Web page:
Gifts were exchanged during this season for a variety of reasons. The most important one of all was to strengthen the bonds of family and tribe. Only the very rich could afford to be frivolous in this regard. The rest of us needed and exchanged useful items like needles and cloth, knives and arrows, food, pots or clothing. These things didn't sit on a shelf, unused, unwanted and gathering dust. They were thoughtfully given and gratefully received because they were needed. Gifts in those days were serious business.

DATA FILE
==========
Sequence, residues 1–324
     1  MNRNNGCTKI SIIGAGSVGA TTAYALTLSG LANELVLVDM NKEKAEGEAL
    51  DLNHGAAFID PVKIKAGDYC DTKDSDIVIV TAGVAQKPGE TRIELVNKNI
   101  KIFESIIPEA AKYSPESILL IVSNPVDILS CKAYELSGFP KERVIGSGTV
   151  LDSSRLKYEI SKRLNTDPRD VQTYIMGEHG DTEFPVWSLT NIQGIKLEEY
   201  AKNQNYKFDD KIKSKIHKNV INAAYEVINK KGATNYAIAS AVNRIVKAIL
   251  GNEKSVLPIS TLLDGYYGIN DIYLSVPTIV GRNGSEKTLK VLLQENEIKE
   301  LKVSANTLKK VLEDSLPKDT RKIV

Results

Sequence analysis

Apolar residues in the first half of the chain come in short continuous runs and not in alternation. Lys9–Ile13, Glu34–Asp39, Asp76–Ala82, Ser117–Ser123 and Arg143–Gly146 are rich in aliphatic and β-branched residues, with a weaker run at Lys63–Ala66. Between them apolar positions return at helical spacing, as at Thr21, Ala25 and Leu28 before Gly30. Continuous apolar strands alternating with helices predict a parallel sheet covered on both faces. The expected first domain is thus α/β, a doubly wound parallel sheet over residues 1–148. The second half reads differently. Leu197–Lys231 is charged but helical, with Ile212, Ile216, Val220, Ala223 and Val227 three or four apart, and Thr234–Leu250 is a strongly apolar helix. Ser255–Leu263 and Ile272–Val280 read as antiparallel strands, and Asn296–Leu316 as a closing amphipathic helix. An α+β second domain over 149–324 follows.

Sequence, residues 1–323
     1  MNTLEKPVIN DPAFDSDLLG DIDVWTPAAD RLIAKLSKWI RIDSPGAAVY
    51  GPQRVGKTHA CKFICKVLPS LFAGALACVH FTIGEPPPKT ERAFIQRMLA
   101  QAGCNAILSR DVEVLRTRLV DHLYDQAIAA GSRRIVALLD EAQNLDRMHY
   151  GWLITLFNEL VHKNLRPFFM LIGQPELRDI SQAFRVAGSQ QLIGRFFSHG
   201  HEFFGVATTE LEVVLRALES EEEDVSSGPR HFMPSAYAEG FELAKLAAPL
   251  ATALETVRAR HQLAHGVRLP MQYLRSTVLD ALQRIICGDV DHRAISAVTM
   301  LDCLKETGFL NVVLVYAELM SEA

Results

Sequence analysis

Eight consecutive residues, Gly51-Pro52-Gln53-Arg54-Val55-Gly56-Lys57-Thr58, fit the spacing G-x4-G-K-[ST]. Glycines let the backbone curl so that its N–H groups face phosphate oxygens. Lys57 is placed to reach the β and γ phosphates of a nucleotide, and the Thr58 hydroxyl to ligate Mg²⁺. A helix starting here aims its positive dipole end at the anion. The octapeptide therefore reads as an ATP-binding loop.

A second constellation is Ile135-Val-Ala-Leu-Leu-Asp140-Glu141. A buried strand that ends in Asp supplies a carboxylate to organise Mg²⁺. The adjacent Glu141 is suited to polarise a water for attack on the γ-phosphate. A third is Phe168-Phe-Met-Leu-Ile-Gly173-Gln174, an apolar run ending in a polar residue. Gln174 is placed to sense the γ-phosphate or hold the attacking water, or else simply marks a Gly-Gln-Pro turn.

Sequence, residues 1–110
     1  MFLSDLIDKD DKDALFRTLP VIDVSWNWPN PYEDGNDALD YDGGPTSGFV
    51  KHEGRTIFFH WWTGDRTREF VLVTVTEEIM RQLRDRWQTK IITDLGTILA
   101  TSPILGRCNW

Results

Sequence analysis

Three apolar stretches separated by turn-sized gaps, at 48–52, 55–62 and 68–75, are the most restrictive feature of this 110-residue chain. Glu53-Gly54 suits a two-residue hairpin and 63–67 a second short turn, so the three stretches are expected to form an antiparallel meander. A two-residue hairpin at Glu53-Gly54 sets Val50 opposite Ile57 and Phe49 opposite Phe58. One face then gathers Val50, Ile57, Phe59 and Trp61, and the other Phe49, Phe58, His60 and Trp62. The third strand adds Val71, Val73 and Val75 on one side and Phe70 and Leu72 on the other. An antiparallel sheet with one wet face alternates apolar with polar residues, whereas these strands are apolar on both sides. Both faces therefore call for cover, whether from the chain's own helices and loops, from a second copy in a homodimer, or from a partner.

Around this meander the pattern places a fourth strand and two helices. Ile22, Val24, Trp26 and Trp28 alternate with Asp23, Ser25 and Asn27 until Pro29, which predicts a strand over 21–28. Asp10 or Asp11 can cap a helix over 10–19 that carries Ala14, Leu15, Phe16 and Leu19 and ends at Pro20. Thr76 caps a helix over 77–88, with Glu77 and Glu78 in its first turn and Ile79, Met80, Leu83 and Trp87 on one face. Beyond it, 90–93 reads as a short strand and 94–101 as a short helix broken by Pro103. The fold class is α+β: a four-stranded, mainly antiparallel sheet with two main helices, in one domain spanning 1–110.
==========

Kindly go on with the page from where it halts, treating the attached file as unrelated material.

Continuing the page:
Shamans used this time to meditate and to gather strength and spirit for the long, dark months ahead. I find that I also need to be alone. Sometimes I feel sad, and no wonder; it's a dark time of the year in more ways than one. Yule invites us to listen to that still, small voice inside ourselves. Go back into the cave for a while and come out again in spring. Change comes in this way. So does renewal.